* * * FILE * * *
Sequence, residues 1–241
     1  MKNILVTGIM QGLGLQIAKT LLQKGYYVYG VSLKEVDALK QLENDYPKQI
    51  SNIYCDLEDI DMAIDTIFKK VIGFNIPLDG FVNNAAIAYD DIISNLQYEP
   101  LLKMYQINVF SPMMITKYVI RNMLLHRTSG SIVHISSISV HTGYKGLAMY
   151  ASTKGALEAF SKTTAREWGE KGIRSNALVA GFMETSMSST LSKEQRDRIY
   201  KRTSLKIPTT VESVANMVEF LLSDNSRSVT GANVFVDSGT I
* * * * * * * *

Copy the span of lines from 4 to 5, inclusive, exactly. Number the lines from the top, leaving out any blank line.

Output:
   101  LLKMYQINVF SPMMITKYVI RNMLLHRTSG SIVHISSISV HTGYKGLAMY
   151  ASTKGALEAF SKTTAREWGE KGIRSNALVA GFMETSMSST LSKEQRDRIY